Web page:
Use this URL to cite or link to this record in EThOS:
Title: Visual inspection reliability for composite aircraft structures
Author: Cook, Lawrence
ISNI:       0000 0004 2712 7511
Awarding Body: Cranfield University
Current Institution: Cranfield University
Date of Award: 2009
Availability of Full Text:
Access from EThOS:
Access from Institution:
This thesis presents a study of the effects of surface colour, surface finish and dent shape on the visual inspection reliability of 3D surface indentations common in shape to those produced by impact damage to carbon fibre reinforced epoxy laminates. Falling weight (2.5kg) apparatus was used to produce impact damage to non-painted, non-mesh Hexcel AS4/ 8552 carbon fibre reinforced plastic (CFRP) laminates and painted AS4/ 8552 laminates containing bronze mesh and glass fabric lightning strike protection layers. Ø20 mm and Ø87 mm hemispherical tip impacts to painted 17ply and 33ply laminates at varying energy levels typically produced circular shaped, smoothly contoured, rounded sectional profiles with an absence of surface breaking cracks. Sectional profiles through coordinate measuring (CMM) data of the impact dents were described using a set of geometric variables. Identifying relationships between impact energy and the geometric variables allowed the typical sectional profile through impact damage dents from Ø20 mm and Ø87 mm hemispherical tips on 17ply and 33ply painted CFRP laminates to be calculated for energies between 5J to 80J. Calculated sectional profiles typical of impact damage dents to CFRP laminates were reconstructed as simple revolved shapes using 3D computer aided design (CAD) models. The 3D CAD models were computer numerical control (CNC) machined into 3mm Plexiglas panels to produce facsimiles of hemispherical impact damage dents on CFRP laminates. Facsimile specimen sets of sixteen 600 mm x 600 mm panels were produced in gloss and matt grey, white and blue finishes. Each set contained the same 32 different sized machined dents representing Ø20 mm and Ø87 mm hemispherical tip impact damage to 17ply & 33ply painted CFRP laminate. Each facsimile specimen set was combined with similarly finished unflawed (dent free) panels. 64 panels in each colour/ finish were presented for 5 seconds in a randomised order to a minimum of 15 novice participants in a visual inspection task lasting approximately 25 minutes. II A set of corresponding visual inspection experiments were performed in which physical specimens were replaced by digitally projected actual size photorealistic images of the machining CAD data. Comparisons between the results of the physical and virtual specimen trials revealed differences in detectability for similarly sized dents. The detection results obtained from visual inspection of physical specimens demonstrated that the detectability of dents similar to those caused by higher (>40J) energy impacts from a Ø87 mm hemispherical tip was less than that of the dents caused by lower energy (<20J) impacts from Ø20 mm tips. However, larger subsurface delamination area was demonstrated by the higher energy Ø87 mm impacts than lower energy Ø20 mm impacts on 150 mm x 100 mm coupons of the same thickness laminate. The results of these experiments imply that detectability of dents caused by larger diameter objects at higher energies cannot be assumed to be greater than that of lower energy impacts from smaller diameter objects. The detection results demonstrate that detectability by visual inspection cannot be assumed the same for an impact dent on different surface colours and finishes. In general terms, the highest numbers of dents returning >90% detection were observed on grey specimens and the highest number of dents returning 0% detection were observed on matt blue specimens. The difference in detection rates for similarly sized dents on a gloss and matt finish was least on grey coloured specimens and greatest on blue coloured specimens.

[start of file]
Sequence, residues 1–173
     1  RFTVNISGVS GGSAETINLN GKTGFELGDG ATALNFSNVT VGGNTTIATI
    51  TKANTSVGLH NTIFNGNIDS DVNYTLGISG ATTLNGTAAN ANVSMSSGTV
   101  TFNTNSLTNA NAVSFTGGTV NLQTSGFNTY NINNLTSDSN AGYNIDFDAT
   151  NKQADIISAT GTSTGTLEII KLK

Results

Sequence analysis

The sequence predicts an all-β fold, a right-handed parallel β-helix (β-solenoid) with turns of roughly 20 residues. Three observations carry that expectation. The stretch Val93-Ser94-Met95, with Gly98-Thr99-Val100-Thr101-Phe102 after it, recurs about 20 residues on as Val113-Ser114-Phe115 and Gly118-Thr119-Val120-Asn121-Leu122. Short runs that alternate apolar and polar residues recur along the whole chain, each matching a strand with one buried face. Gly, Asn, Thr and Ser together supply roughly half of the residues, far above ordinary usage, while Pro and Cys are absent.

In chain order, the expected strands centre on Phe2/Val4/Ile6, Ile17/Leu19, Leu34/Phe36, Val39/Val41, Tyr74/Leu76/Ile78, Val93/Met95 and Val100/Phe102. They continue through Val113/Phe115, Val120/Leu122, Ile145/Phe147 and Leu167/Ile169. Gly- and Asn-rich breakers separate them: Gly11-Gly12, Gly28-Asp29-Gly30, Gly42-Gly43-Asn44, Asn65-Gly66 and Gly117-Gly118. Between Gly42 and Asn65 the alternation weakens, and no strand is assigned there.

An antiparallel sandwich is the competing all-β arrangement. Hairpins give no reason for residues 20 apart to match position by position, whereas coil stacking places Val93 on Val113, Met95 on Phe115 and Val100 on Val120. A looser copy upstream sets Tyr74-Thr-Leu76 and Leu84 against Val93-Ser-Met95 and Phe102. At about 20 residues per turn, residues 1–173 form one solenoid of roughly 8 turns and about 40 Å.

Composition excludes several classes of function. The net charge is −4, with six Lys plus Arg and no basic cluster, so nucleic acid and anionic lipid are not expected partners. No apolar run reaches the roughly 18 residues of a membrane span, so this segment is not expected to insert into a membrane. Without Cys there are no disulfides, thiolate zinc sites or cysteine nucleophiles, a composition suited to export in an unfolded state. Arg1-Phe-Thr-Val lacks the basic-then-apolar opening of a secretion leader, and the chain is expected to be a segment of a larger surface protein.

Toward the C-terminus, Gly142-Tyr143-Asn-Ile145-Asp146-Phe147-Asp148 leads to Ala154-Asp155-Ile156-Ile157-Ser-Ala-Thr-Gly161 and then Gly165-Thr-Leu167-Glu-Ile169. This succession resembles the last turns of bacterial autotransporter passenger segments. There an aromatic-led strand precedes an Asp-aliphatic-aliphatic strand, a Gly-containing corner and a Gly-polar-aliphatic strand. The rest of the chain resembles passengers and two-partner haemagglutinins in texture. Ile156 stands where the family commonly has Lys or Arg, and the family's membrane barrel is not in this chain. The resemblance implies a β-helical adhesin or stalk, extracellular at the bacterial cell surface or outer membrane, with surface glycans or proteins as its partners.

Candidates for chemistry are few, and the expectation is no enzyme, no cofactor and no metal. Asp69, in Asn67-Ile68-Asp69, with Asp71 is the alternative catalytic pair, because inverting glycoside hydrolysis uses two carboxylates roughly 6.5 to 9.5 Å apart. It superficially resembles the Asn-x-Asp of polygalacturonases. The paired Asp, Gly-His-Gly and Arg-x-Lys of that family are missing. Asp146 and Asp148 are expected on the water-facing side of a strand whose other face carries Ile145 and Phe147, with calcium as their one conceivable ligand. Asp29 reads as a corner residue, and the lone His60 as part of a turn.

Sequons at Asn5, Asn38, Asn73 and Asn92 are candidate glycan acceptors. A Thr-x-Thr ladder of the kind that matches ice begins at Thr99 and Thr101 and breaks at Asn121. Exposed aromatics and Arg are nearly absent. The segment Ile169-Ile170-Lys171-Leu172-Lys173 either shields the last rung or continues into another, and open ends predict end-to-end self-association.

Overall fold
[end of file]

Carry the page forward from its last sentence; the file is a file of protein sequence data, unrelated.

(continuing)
Supervisor: Irving, Phil E. ; Harris, Don Sponsor: Not available
Qualification Name: Thesis (Ph.D.) Qualification Level: Doctoral
EThOS ID:  DOI: Not available